Vote for Winnipeg for the 2023 Worldcon

I just voted;  the nice folks at Discon III updated my email address (my fault) and I was able to pay my Site Selection Fee ($50 *), obtain my voting “token”, download and print out the ballot, placing an “X” in the box for Winnipeg.

I voted for Winnipeg because the alternative is voting in support of a regime that is currently engaged in genocide.

I know that’s harsh.  I know that may feel like stretching the facts a bit to some, but it is the way I strongly feel.

There are other reasons as well, not the least of which can be summed up by the following, which was originally quoted in an article I wrote here:

Responding to the bid question “What do diversity and inclusion mean to you?”

“Diversity is about empowering people by respecting and appreciating what makes them different, in terms of age, gender, ethnicity, religion, disability, sexual orientation, education, and national origin. Inclusion is an organizational effort and practices in which different groups or individuals having different backgrounds are culturally and socially accepted and welcomed, and equally treated.”  (Yeah, emphasis mine.)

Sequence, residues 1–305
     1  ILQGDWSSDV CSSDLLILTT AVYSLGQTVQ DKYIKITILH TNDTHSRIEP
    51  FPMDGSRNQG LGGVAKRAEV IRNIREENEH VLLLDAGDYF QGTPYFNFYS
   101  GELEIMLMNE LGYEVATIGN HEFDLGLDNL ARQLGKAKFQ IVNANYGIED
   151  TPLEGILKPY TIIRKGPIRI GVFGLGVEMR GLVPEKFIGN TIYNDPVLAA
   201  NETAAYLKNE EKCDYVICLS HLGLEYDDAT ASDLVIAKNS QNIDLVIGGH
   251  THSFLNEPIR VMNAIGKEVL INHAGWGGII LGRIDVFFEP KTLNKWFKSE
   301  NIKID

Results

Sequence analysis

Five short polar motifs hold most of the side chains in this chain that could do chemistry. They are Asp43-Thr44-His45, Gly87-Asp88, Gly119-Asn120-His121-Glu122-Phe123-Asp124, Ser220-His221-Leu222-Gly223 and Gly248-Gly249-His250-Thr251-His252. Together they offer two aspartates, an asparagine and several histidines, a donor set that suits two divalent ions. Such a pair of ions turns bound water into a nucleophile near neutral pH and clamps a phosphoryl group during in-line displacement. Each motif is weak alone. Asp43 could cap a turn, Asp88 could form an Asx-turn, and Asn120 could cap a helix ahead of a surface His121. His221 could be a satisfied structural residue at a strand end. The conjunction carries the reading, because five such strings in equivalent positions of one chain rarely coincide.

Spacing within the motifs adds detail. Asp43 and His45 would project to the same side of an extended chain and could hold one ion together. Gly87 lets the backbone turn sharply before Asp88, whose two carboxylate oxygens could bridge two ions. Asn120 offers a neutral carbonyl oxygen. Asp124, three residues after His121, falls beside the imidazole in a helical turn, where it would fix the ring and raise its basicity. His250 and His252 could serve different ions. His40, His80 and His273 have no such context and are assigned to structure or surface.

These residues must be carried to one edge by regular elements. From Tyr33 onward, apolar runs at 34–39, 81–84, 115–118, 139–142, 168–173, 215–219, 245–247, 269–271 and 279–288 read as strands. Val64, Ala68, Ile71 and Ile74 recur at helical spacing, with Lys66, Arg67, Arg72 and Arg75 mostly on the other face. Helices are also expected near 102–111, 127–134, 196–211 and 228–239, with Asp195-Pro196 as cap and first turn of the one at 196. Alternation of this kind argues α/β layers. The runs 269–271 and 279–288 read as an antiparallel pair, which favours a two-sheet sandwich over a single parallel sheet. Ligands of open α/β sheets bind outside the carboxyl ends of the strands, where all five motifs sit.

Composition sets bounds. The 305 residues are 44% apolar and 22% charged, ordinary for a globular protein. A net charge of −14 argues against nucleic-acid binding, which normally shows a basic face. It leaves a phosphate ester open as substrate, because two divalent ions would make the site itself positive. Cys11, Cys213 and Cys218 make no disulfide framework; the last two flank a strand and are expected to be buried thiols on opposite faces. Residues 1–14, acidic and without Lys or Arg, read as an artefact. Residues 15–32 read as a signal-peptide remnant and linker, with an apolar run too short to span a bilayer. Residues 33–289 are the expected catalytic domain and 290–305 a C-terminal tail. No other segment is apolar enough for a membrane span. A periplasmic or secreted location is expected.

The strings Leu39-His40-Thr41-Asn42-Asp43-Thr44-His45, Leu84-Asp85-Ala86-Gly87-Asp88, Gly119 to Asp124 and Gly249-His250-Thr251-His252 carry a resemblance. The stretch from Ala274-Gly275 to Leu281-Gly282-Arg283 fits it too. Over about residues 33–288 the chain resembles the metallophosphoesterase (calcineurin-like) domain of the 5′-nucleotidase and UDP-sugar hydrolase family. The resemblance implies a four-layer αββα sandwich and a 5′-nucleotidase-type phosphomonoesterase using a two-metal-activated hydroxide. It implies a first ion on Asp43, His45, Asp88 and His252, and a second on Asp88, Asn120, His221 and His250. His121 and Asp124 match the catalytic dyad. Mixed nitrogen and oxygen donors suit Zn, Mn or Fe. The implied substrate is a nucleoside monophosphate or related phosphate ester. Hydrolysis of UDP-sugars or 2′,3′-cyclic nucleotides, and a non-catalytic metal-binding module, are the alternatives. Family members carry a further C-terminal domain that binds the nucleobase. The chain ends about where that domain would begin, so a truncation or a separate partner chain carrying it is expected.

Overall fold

Apparently though, the Chinese  government wants to use Worldcon as proof that the Uighurs, an ethnic and religious minority in China, doesn’t qualify under their definition of diversity.

Yes, the Chinese government, which has already publicly admitted as much –

“In China, there’s this official propaganda position that science fiction is about imagination and this is what the future is all about,”

“…new investors lured into the market by Liu Cixin’s Hugo win and the adaptation of his novel into a film. What had formerly been a community of underpaid amateurs transformed in the late 2010s into a scrum of holding companies and management entities, cannily exploiting the genre as a means of converting local currency into overseas rights-sales. Such speculation in Chinese sf, quite literally as a “futures market”, has had a demonstrable impact on its higher profile abroad.” (SF Encyclopedia)

Whether the Fans are being manipulated or the purposes to which a Chinese Worldcon are being manipulated is hardly a difference, though it is worth noting that we have not seen overt collaboration on the part of Chinese Fans and we’ll assume, absent voluminous and pointed evidence to the contrary, that they are not in collaboration with their government, but it hardly matters as the Chinese government is monolithic and ubiquitous and surveils the fans and visitors to their country with equal “diversity”.

Do not vote for Chengdu for 2023;  a Chinese Worldcon at this juncture does not serve the best interests of Fandom – it only serves the purposes of a genocidal dictatorship.

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